WASHINGTON — Supreme Court justices on Monday questioned whether a federal law criminalizing the inducement of illegal immigration is an unconstitutional infringement of free speech rights.

The justices heard the Biden administration’s appeal of a ruling that struck down the law, saying it violated free speech protections under the Constitution’s First Amendment.

Several members of the court questioned whether the law was too broad, meaning it could criminalize protected speech, although it was not clear if there is a majority among the nine justices to strike it down.

The case concerns Helaman Hansen, who from 2012 to 2016 ran a program charging up to $10,000 for an alleged path to citizenship. She claimed that undocumented immigrants could become citizens through an adult adoption service and convinced 471 people to participate.

At the 2017 trial, he was convicted on two counts of violating a federal law that prohibits encouraging or inducing illegal immigration for private financial gain. He was also convicted of 12 counts of mail fraud and three counts of wire fraud, convictions that are not at issue in the Supreme Court case.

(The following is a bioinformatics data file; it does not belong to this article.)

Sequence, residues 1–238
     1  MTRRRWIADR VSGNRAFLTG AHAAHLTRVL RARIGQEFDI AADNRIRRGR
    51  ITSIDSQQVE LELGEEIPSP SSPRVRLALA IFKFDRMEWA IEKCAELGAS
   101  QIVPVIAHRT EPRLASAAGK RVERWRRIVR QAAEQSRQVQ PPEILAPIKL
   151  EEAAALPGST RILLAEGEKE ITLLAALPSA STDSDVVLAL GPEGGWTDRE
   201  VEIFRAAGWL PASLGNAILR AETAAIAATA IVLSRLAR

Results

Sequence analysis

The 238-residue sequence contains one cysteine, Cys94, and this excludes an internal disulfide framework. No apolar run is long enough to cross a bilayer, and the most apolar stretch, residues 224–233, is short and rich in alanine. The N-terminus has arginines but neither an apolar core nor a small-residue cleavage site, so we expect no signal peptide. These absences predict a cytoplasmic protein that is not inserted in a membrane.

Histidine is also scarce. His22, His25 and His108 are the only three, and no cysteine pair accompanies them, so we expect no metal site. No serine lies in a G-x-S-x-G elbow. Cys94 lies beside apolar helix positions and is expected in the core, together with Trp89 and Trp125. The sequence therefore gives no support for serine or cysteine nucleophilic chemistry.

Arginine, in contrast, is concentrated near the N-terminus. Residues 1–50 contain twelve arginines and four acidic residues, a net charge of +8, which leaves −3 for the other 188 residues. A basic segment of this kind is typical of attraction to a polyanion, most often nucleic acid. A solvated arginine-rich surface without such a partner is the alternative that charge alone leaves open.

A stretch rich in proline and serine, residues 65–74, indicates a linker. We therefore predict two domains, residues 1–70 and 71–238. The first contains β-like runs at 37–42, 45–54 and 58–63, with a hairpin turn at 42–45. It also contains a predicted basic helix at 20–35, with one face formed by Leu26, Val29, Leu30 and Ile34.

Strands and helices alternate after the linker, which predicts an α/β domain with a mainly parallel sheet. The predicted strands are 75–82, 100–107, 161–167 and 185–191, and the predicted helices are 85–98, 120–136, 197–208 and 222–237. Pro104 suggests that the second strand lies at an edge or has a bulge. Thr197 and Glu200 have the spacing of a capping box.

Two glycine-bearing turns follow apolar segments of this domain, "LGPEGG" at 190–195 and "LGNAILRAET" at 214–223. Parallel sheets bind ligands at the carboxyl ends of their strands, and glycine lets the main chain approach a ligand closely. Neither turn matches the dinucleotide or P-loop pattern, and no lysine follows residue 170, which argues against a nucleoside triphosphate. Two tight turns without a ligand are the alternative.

He was sentenced to 20 years in prison.

The San Francisco-based US Court of Appeals for the Ninth Circuit struck down the law in February 2022, saying it could lead to someone being convicted simply for saying, «I encourage you to reside in the United States.» .

During oral arguments, some justices echoed those concerns, with Justice Brett Kavanaugh wondering if someone could be convicted of helping an undocumented immigrant get food and shelter.

In a similar vein, Judge Sonia Sotomayor said the law is «criminalizing immigration-related words.»

Judge Elena Kagan also said a «world of communications» unfolds every day involving undocumented immigrants, their families and professional advisers such as attorneys who could be criminalized under the law.

Other judges seemed more sympathetic to the Justice Department, which argued that there was no indication in Hansen’s specific case that his conviction was based on protected speech.

Judge Neil Gorsuch said it was «a bit awkward» that there was no evidence that Hansen’s free speech rights were violated, and seemed to suggest that Hansen was not a sympathetic litigator.

“Vulnerable people are being taken advantage of,” Gorsuch said.

The Supreme Court in 2020 heard a similar case but evaded a ruling on the law’s constitutionality.